Matriarchs of mythology

Rewriting legend as popular fiction is a tricky line to tread, but some writers do it with great skill.

Published: 24th February 2018 10:00 PM  |   Last Updated: 24th February 2018 08:13 PM   |  A+A-

Express News Service

Mythology is the hot ticket, the instant grosser among all forms of fiction in India today. Scholarly writing on our epics or lore is passé, making way for quickie soup versions that feed a growing horde of consumers curious about our heritage and looking for instant gratification.

Make no mistake, rewriting mythology as popular fiction is as tricky a line to tread and some writers do it with great skill and assurance: Anuja Chandramouli, Devdutt Pattanaik and Anand Neelakantan come to mind. Underlining their works with scholarly insight and methodology are writers like Arshia Sattar and Samhita Arni.

There is something reverend about the story of the gods that make their writers instantly superhuman. Despite varied subject matters, styles and content, there are deep similarities between Kavita Kane’s latest, The Fisher Queen’s Dynasty, and Charu Singh’s The Golden Dakini: The Maitreya Chronicles Part 2. Both deal with powerful women who have established dynasties that have changed the course of our culture. Both write with ease and enrich their readers and provide a delicious slice of heritage.

Kavita Kane is known for her novels around women from mythology—women we are curious about but lose the thread of within the larger narratives of epics that deal prominently with their male heroes. The biography of the young fisherwoman Matsyagandha is carved from the stories around King Shantanu’s obsession and his son Devavrat’s extreme oath that transforms him into the revered Bhishm.

It traces her ascendance and journey as the matriarch Satyavati, her triumphs at many hurdles. At the palace she is surrounded by detractors and the only ally she has is also her stepson Bhishm whom ironically she has greatly wronged. Hers is an important story because in such characters and their dilemmas, lie the true wisdom of the Mahabharata.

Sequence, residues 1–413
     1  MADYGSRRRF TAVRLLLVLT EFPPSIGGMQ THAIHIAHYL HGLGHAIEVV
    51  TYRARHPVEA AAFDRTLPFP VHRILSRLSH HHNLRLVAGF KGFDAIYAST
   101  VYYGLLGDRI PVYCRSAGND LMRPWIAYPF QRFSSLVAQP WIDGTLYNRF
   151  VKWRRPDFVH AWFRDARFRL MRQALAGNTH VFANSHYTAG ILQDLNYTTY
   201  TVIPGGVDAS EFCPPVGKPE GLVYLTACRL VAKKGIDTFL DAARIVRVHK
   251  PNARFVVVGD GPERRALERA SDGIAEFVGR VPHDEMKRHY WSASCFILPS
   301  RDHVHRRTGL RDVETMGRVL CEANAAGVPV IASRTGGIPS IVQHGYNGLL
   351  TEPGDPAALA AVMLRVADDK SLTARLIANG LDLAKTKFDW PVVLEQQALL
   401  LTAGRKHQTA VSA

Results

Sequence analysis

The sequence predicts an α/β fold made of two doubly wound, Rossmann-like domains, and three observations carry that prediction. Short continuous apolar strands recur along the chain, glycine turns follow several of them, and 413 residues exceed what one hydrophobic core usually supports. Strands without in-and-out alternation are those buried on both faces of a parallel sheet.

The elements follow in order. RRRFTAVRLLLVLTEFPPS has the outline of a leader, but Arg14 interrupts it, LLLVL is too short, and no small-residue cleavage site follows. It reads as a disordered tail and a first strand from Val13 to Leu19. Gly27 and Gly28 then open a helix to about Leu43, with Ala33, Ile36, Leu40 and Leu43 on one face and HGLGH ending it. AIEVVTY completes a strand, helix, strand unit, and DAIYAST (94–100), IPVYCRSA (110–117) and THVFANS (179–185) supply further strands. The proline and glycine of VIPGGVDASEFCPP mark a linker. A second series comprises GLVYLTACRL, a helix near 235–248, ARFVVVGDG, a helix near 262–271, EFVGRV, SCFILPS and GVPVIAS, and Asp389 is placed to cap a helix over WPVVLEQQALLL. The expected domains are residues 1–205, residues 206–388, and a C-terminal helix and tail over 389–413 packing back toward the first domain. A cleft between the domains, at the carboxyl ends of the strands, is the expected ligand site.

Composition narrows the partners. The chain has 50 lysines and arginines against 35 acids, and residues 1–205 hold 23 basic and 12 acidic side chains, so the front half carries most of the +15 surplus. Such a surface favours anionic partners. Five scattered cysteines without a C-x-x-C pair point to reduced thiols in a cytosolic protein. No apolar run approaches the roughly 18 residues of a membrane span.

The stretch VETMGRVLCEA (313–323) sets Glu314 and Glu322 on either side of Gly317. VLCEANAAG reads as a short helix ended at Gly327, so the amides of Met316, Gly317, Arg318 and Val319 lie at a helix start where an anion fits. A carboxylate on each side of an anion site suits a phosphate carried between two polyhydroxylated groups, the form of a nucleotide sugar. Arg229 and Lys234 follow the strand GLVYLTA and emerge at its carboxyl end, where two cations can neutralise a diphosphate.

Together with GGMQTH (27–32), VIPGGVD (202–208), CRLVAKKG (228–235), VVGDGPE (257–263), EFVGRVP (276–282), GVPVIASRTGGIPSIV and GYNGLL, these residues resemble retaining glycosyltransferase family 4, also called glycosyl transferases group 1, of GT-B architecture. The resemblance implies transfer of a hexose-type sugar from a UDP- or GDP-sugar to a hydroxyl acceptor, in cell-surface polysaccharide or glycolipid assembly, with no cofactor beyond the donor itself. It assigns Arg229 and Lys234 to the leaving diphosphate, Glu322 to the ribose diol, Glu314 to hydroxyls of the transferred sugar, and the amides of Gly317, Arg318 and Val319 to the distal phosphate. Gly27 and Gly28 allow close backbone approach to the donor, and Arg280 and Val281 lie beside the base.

The writer stays with her successful formula, personalising the experiences of her characters while situating them within a rather contemporary worldview. Inventions of minor episodes flesh out the narrative. A unique perspective combined with flashes of commentary could serve the reader better.
Drawing deeply from Tibetan Buddhist mythology, The Golden Dakini is Yeshe Nam Lha who must descend to the earth as a mortal in order to fulfil her destiny of being the mother of the saviour, Maitreya. She must journey to the concealed Mount Meru in search of a suitor to fulfil her destiny. The journey is metaphorical and is replete with magical creatures.

Her nemesis is Prince Arden of the dark Asur forces. This story is reworked mythology spilling into the realm of fantasy though grounded within a specific culture and its folklore. The story is richly populated with creatures from Tibetan lore: prince, rimpoche, dakini, yakshi, demon, yogi, celibate warrior, wind horse, sorcerer, and oracle. The research is as thorough as the narrative is confident.

Fantasy demands a plethora of characters whirling at a fast pace. Charu Singh is admirably at control of her storyline and its mandatory twists and turns. Perhaps depopulating the heavy crowd could enhance the narrative.

But neither book offers bibliography or a reference chart. This addition could underline the considerable research that goes into the production of easy-read mythology such as this.


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